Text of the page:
Petty sibling rivalry slowing trade in EAC - Kituyi - Beaking Kenya News

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Monday, 14 September 2020

Petty sibling rivalry slowing trade in EAC - Kituyi

 UNCTAD secretary general Mukhisa Kituyi during a press briefing in Nairobi on July 16. Photo/ENOS TECHE.

East Africa Community (EAC) members need to rise above petty sibling rivalry and ride on superb mutual trade deals to spur economic growth in the region.

In an interview with the Star, the United Nations Conference on Trade and Development (UNCTAD) undersecretary Mukhisa Kituyi hailed the region’s Common Market Protocol as the best open market policy model in the world.

Signed in 2010, the protocol gives the region a liberal stance towards the four freedoms of movement for all the factors of production and two rights between themselves.

They include free movement of goods, persons, labour, service and capital. Citizens of the six-member state body have a common right to residence and establishment.

''The region has a great market of more than 200 million people. They simply have to focus on putting to use excellent trade policies in place to promote trade and attract foreign direct investments,’’ Kituyi said.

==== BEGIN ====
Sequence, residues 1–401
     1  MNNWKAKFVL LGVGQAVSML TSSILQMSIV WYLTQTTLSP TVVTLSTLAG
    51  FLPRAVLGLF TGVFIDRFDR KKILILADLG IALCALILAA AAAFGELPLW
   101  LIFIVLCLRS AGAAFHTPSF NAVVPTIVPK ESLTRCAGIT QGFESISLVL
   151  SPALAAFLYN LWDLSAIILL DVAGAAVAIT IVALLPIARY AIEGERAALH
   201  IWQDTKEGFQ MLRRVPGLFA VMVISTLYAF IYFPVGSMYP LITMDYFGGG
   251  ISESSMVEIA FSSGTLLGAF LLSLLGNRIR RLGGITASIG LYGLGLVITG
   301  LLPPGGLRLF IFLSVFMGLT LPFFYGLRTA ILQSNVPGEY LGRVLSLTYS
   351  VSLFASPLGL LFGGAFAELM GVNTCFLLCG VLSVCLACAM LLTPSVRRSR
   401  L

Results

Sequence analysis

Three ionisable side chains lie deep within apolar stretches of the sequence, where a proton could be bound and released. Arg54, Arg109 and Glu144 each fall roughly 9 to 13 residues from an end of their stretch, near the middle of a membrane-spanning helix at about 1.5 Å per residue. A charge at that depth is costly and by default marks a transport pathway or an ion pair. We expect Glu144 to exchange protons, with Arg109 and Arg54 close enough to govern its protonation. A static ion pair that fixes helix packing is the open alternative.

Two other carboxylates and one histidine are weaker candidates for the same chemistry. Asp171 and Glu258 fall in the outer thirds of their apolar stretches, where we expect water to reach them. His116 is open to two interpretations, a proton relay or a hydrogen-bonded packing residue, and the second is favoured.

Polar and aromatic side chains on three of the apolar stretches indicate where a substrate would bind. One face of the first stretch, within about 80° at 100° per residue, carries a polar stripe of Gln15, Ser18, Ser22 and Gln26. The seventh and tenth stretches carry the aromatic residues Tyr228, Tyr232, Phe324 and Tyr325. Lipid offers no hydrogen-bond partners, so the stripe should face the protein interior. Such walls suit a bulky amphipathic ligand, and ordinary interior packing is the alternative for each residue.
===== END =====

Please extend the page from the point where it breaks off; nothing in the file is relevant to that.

He added that petty supremacy battles between member states continue to bloc social-economic opportunities for residents, sinking them further in poverty.

All countries in the regions with exception of Kenya are ranked amongst the Least Developed Countries (LDC).

Apart from the common market, the region has a customs union protocol which came into force in 2005 to help in furthering the liberalisation of intra-regional trade in goods.

It also promotes production efficiency in the community; enhancing domestic, cross-border and foreign investment; and promoting economic development and industrial diversification.

The region also has a trade and investment framework with the US and China, which was signed in 2014 with the aim of promoting commodity trade, exchange, visits by business people and co-operation in investment among others.

Other agreements include trade facilitation, anti-doping measures, competition policies, re-export, removal on non-tariff barriers and standard measures under Article 81 of the Treaty establishing the EAC.

Even so, member states are in a vicious sibling rivalry that has in recent times paralyzed trade.

For instance, Uganda’s trade with Rwanda is down after a yearlong of frosty relations; Tanzania has locked out Ugandan timber, sugar and maize

Kenya, which has been open to imports of maize and beans from Uganda, has been reluctant to open its market to manufactured products from Uganda and now even milk.

In January, Kenya and Uganda were entangled in a ‘milk war’, degenerating into a diplomatic spat.

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